The burning discussion around relation (though denied by the Home Ministry) between National Register of Citizen’s (NRC) and National Population Register (NPR) is that NPR is the first step towards NRC. Scheduled to begin from April 2020 and to be finished by September 2020, NPR is going to adversely hit the homeless all over the country. A study conducted by Indo Global Social Service Society, in 15 cities of 5 states (Bihar, Maharashtra, Jharkhand, Tamil Nadu and Andhra Pradesh), revealed that 30% of the homeless do not have any legal identity proof. That means during the NPR process when enumerators will visit the homeless on the street (if they visit them) and ask (not mandatory as per NPR manual but just to ensure the accuracy) for the document, at least 30% homeless population will fail to produce the relevant document and information will be filled in verbally by the enumerator. This will definitely lead to a discrepancy in the information. A study says that 53% of the homeless are illiterate which means more than half the homeless population will not be able to spell their name either in their native language or in Roman script. For example, if a person’s name is Zainab, but due to poor linguistic understanding it can be written as Jainab by an enumerator or Dilip can be written as Dileep. This may result in the person being excluded from the NRC.
Further, the information filled in NPR will be verified during the NRC process and homeless people will be asked to produce the documents for physical verification. Most of the homeless population move around the city, state and country for different reasons such as in the search of livelihood, etc. During the process, an enumerator might miss the homeless people and thus they will not be included in the NPR. Upon being missed in the NPR, they wouldn’t be verified under the NRC process and they would be excluded from the NRC list too. Does it mean they would be declared as foreigners?
The recent NRC exercise in the Assam presented a horrific picture of the process which led to death, selling of the property to get citizenship and others. In many cases, people received notices to appear at tribunals within a few days. That required huge money to travel at short notice. A post shared on Facebook by one person from Assam says that they received a call on June 6, 2019, from their mother to appear at a court in a week’s time. They booked tickets at a short notice worth Rs 42,000 for June 11 for the three persons from Delhi to Guwahati.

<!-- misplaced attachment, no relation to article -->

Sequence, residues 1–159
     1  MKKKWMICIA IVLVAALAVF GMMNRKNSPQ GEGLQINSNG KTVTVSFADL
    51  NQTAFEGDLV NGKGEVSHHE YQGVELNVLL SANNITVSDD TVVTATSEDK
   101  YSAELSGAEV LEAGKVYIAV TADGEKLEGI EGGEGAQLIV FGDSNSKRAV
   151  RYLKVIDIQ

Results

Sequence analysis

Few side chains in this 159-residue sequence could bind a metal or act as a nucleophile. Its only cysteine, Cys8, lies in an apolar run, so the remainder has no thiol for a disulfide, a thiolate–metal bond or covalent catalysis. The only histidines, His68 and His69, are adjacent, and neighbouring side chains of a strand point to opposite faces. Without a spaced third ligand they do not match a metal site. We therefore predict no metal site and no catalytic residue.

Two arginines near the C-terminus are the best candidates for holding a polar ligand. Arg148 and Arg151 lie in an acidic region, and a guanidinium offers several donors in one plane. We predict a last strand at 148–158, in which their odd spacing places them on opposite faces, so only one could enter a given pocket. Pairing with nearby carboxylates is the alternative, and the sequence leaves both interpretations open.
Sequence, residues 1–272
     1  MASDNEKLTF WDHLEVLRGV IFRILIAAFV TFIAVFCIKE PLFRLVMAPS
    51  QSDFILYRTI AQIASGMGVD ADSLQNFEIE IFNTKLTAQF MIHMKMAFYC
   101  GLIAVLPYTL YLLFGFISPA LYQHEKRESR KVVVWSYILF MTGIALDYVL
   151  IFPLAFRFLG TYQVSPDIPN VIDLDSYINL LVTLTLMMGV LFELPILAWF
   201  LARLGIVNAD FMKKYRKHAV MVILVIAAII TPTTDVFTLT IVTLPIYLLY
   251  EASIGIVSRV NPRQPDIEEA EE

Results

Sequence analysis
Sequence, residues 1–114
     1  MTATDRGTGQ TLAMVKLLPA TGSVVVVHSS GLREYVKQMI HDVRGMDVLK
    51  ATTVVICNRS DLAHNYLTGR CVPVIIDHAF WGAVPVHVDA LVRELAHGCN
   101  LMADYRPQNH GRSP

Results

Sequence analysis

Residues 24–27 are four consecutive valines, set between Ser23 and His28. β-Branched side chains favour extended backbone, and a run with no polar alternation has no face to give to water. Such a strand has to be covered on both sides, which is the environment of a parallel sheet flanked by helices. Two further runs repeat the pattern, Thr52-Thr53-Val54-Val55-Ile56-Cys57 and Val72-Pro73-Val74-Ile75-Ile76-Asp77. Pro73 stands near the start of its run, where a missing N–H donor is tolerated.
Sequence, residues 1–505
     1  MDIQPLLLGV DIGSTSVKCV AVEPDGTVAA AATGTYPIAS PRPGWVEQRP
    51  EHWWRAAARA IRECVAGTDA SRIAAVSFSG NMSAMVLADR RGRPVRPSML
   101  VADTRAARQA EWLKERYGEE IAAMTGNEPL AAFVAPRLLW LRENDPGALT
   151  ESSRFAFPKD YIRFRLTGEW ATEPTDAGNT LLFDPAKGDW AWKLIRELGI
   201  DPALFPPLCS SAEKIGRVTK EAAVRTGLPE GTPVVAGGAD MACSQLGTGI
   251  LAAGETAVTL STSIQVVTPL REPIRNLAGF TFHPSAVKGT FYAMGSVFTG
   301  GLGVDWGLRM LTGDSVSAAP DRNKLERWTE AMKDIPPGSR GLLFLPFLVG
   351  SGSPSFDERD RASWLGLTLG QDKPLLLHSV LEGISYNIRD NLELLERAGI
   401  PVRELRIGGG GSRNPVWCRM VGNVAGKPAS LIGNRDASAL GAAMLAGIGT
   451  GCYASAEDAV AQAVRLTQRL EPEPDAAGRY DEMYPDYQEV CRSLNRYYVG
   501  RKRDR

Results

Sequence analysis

Homeless people might not have the wherewithal to travel at such short notices. Without a permanent address, how would they be served a notice? Under the purview of which NRC Seva Kendra will they be called for the verification? These are a few urgent questions to be answered. At this conjecture, the Government is strongly intending to implement NPR & NRC which may push homeless people to statelessness.
This biased approach of the State towards the homeless can also be understood by the inherent casteist attitude of the state. The majority of the population that would be affected by these laws belong to marginalized castes. Prioritization of the homeless issues would not be found in any development agenda of the state. On the other hand, the same population, which never had access to a dignified life as a citizen, would be forced to prove their citizenship. Such contradictions are not just against the fundamental rights of the citizens but also a blatant denial of social justice by an authoritarian government.
The author is an independent writer and can be reached at [email protected]
PRS Legislative Research, Home Affairs. (n.d).The Citizenship (Amendment) Bill, 2019. Retrieved from http://prsindia.org/billtrack/citizenship-amendment-bill-2019, accessed on January 19, 2020.
Sharma, A. (2019, September 14). 86% Hindus, 66% With Aadhaar, Over 50% Work Daily: Survey Busts Myths about India’s Homeless. NEWS 18. Retrieved from https://www.news18.com/news/india/86-hindus-66-with-aadhaar-over-50-work-daily-survey-busts-myths-on-indias-homeless-2308571.html, accessed on January 19, 2020.
IGSSS & OFFER (2019). Enabling Inclusive City for the Homeless. Retrieved from https://igsss.org/wp-content/uploads/2019/10/Baseline-Study-Enabling-Inclusive-Cities-for-Homeless.pdf accessed on January 02, 2020.